The Chinese Ministry of Finance (MoF) recently rolled out another muni replacement program of legacy local government debt, as the previous muni replacement quota of RMB 1 trillion only addresses about half of the local government debt that is due to expire in 2015. With the robust expansion plan, it is expected that the total supply of muni bonds will reach over RMB 2.77 trillion this year1.
In fact, since Jiangsu’s debut issuance on May 18, 2015, the municipal bond market that is tracked by the S&P China Provincial Bond Index has expanded rapidly. In the June 2015 index rebalancing, the total number of muni bonds surged from 47 to 138, while the total par amount increased four times to CNY 847 billion (see Exhibit 1).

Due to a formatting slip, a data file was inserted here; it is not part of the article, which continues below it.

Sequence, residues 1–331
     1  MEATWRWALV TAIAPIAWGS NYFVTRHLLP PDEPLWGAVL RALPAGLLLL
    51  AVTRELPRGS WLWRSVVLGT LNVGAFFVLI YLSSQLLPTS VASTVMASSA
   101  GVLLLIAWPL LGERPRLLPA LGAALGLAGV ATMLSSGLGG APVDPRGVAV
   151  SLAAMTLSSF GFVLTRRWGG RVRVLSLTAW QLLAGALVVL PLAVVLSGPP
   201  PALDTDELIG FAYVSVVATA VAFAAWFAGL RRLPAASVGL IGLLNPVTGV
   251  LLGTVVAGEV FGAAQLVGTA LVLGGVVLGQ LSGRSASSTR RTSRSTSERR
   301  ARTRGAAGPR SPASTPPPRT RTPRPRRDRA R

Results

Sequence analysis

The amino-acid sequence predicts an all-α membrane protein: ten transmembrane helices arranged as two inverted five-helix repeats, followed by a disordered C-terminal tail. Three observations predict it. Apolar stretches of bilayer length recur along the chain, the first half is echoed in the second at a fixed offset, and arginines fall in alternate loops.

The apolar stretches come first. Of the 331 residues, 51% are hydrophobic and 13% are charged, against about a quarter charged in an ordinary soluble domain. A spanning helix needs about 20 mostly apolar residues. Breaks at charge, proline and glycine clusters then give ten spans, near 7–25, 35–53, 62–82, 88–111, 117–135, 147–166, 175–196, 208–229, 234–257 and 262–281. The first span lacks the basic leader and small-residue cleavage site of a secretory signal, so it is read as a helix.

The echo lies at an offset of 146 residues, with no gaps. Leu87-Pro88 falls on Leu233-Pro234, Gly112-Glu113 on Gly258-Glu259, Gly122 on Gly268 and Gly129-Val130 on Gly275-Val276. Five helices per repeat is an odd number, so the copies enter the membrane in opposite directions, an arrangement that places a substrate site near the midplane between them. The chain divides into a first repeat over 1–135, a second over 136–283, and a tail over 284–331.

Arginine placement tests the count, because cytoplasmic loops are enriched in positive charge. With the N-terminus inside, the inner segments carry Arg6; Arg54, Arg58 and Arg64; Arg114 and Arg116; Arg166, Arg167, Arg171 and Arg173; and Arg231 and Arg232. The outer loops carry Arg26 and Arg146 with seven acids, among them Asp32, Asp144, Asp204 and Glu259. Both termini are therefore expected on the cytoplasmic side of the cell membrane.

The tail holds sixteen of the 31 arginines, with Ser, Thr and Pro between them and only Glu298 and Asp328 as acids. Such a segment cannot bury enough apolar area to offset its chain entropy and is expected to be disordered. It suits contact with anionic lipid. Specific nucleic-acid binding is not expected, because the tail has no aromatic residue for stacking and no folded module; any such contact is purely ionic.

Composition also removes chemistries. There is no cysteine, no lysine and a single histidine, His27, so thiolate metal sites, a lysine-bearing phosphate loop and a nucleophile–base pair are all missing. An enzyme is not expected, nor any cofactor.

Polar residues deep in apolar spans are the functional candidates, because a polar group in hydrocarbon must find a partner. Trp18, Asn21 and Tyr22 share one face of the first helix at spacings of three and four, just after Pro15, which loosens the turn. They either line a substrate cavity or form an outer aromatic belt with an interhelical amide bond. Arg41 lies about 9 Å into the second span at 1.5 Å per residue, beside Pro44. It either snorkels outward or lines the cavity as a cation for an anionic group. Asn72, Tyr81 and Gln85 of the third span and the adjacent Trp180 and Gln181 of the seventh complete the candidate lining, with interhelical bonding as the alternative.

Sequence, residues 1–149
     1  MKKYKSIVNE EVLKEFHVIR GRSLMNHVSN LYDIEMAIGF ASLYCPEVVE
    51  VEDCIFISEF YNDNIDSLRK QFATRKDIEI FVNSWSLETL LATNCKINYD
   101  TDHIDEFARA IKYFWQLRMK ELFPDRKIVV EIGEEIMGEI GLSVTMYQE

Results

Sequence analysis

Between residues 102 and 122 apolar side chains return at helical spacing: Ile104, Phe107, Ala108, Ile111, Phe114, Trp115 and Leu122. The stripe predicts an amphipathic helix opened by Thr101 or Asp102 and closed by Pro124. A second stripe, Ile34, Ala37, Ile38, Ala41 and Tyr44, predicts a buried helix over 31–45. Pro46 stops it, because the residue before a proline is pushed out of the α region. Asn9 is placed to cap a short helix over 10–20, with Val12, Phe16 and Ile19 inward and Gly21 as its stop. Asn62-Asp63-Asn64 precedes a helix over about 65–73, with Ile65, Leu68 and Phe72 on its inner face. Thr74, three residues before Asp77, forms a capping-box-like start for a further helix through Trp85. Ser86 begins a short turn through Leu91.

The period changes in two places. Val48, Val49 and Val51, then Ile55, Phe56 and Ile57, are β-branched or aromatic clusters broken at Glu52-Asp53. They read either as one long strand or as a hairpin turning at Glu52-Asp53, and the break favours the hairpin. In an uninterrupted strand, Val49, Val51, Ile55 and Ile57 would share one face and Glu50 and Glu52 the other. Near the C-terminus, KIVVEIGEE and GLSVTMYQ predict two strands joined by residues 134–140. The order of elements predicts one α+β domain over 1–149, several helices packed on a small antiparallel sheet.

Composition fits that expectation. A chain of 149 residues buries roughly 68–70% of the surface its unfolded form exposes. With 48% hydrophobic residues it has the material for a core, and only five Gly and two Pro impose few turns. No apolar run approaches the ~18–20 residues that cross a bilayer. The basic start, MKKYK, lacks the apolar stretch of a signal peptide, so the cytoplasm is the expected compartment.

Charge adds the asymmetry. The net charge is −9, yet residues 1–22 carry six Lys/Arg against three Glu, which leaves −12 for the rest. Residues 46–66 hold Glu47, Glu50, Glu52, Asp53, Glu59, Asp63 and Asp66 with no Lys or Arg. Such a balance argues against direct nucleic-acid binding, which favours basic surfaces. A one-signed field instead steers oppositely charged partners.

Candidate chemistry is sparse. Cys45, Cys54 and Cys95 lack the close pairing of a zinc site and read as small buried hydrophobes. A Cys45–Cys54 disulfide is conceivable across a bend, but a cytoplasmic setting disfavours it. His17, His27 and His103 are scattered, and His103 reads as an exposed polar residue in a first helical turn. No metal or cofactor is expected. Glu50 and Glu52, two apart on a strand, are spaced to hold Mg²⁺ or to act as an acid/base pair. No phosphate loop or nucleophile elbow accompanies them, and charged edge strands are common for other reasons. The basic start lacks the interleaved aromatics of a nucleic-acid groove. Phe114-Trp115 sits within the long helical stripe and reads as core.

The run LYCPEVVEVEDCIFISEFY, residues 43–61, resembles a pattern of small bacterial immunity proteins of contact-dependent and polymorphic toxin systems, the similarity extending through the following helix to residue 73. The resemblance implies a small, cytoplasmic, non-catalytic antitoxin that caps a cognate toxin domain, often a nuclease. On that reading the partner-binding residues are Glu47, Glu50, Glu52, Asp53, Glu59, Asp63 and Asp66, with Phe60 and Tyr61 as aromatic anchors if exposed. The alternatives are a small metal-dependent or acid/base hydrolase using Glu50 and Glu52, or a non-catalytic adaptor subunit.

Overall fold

According to the S&P China Provincial Bond Index, the Jiangsu Province has the highest outstanding debt, at CNY 129 trillion, and it represents 15% of the index exposure, followed by the Zhejiang and Guangdong provinces (see Exhibit 2 for the provincial breakdown).
Of note, the new Chinese muni bonds were priced tight at issuance and they continue to trade at tight credit spreads above the sovereign bond yields. As of July 21, 2015, the yield-to-worst of the S&P China Provincial Bond Index was 3.49% (with a modified duration of 5.19), whereas the yield-to-worst of the S&P China Sovereign Bond Index was 3.15% (with a modified duration of 5.60).
Exhibit 1: Market Value tracked by the S&P China Provincial Bond Index
Exhibit 2: Total Par Amount by Provincial Breakdown
1 Source: HBSC Global ResearchThe posts on this blog are opinions, not advice. Please read our Disclaimers.